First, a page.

Joey Terrill’s Playful Tributes to Gay Artists We’ve Lost

admin

Art
Joey Terrill’s Playful Tributes to Gay Artists We’ve Lost

BEVERLY HILLS — When Joey Terrill tested positive for HIV in 1989, he assumed he had only a short time to live. In the 1980s, contracting AIDS was considered a death sentence and losing friends to the disease had become a frequent occurrence. So when he tested “undetectable” in 1997, he was quite startled. Already an accomplished artist and AIDS activist, he decided to dedicate a body of work to those who did not survive. In the resultant ongoing series, he mimics the style of Tom Wesselmann’s Pop Art still lifes, but replaces their consumer items and occasional female body parts with imagery and clever puns that reflect Terrill’s identity as an HIV+ gay Chicano. Several of these works are on view in his exhibition Still Here at Marc Selwyn Fine Art, along with a few that pay tribute to specific queer artists, and some new recreations of his lost pre-AIDS-era paintings that playfully satirize what it was like to be gay in the 1970s.

In most of the still lifes, Terrill’s serape-draped breakfast table fills the foreground. Other references to his Mexican heritage include a Zote brand soap bar and colorful “galletas,” or cookies, which in two paintings are embellished with real sugar sprinkles — a brilliant move that appeals to the appetite, much like Wayne Thiebaud’s use of thick paint as cake “icing.” The dominant items in the series are the various costly pills that made up his daily HIV cocktail (today he takes only a single tablet), and a host of household cleaners. This juxtaposition compares disinfecting the body with cleansing the home, but does so with a sense of whimsy. As with the cookie sprinkles, many of the pills are real ones, left over after he switched from one medication to another. 

Queer artist honorees in Terrill’s paintings include his close friend Teddy Sandoval and Félix González-Torres, both of whom died from AIDS, and Pop icons Robert Indiana and Andy Warhol, who succumbed from other causes. Collaged wrapped candies, like those used in González-Torres’s installations, pay tribute to him here. Indiana and Warhol are represented through replications and variations of their signature imagery, the LOVE logo and the Campbell’s Tomato Soup can. In one instance, “LOVE” is replaced with “LOSS” and in another the soup can houses PrEP, a present day preventive and treatment for HIV. For his homage to Sandoval, whom Terrill remembers as having a great sense of humor, a still life is replete with household products whose brand names are gay double entendres, such as “Homo Milk” and “Butch Hair Wax.” In the background, Terrill depicts an ornately framed portrait of his late friend and a painting in Sandoval’s style.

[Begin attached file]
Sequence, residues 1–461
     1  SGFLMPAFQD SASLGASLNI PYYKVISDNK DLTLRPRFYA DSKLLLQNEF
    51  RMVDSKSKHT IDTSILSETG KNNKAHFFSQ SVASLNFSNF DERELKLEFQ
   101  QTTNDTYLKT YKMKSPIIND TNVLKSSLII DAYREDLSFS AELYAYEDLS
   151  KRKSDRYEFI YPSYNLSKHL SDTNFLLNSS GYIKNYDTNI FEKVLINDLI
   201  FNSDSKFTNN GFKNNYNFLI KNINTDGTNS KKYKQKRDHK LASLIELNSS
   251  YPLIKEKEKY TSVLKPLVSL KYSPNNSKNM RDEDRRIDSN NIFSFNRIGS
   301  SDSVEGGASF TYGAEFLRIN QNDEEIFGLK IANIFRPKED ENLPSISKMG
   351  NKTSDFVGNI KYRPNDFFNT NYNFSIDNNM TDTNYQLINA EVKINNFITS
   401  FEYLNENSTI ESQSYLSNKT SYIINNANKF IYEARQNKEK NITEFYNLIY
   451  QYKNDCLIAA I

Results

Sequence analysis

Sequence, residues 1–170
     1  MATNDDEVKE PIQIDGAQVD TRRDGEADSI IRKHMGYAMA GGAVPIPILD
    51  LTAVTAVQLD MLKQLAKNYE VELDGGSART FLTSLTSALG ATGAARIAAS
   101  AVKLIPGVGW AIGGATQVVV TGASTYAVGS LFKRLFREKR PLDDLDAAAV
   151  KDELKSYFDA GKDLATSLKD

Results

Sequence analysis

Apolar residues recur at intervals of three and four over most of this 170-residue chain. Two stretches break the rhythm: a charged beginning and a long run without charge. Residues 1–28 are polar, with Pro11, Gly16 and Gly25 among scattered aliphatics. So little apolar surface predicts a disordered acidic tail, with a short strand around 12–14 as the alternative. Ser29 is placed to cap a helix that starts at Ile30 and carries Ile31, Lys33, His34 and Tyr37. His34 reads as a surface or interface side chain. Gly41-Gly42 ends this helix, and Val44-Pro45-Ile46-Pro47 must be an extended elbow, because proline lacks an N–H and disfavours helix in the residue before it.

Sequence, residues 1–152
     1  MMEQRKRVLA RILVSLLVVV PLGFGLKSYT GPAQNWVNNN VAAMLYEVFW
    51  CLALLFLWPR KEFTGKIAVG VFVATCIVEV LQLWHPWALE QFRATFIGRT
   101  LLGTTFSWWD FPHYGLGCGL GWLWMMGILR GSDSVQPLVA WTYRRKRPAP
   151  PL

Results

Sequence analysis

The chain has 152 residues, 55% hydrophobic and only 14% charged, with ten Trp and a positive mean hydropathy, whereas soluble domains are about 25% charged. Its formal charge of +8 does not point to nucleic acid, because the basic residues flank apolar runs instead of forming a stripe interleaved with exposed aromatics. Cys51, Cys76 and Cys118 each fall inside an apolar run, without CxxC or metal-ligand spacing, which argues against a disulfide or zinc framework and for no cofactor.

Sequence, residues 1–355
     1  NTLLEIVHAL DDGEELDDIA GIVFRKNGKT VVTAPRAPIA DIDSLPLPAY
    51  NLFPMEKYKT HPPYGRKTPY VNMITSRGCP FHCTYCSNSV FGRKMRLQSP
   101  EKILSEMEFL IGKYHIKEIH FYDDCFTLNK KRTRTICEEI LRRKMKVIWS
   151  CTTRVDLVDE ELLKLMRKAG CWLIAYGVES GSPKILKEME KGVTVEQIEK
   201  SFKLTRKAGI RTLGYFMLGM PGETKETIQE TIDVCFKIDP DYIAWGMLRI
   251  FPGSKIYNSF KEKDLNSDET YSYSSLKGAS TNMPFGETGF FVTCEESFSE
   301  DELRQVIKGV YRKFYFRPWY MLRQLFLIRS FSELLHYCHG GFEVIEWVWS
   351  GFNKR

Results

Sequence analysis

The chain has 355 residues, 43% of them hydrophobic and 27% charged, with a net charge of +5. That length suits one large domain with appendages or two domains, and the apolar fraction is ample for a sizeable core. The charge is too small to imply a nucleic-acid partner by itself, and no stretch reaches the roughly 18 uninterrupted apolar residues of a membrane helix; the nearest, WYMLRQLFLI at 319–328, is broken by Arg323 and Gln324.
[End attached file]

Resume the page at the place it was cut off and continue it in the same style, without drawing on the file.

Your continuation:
Recent recreations, such as “Summer Became an Endless Round of Parties, Said the Clone” (2023), resemble pages from a graphic novel offering a nostalgic view of the excesses that gay men enjoyed before the onset of AIDS. By contrast, “Still Life with ‘One-A-Day’ Pill and Peeled Lemon” (2023), which includes actual Paxlovid packaging and a dark skull based on a Robert Mapplethorpe photo, is a timely memento mori that points to obvious but perhaps overlooked similarities between AIDS and COVID-19. Through his lighthearted approach to documenting personal struggles, Terrill contributes meaningfully to the fight against racism and homophobia.

Joey Terrill, “My Friend Peter (LOSS)” (1998–2023), acrylic on canvas, 60 x 24 inches
Joey Terrill, “Still-Life with Triumeq and Wrapped Candies that Remind Me of the Artist Félix González Torres” (2023), acrylic and mixed media on canvas, 36 x 48 inches

Joey Terrill: Still Here continues at Marc Selwyn Fine Art (9953 South Santa Monica Boulevard, Beverly Hills, California) through March 3. The exhibition was organized by the gallery in collaboration with Rafael Barrientos Martínez.

Source

Leave a Comment

ArT ArT ArT ArT ArT ArT ArT ArT ArT ArT ArT ArT ArT ArT ArT ArT ArT ArT ArT ArT ArT ArT ArT ArT ArT ArT ArT ArT ArT ArT ArT ArT ArT ArT ArT ArT ArT ArT ArT ArT ArT ArT ArT ArT ArT ArT ArT ArT ArT ArT ArT ArT ArT ArT ArT ArT ArT ArT ArT ArT ArT ArT ArT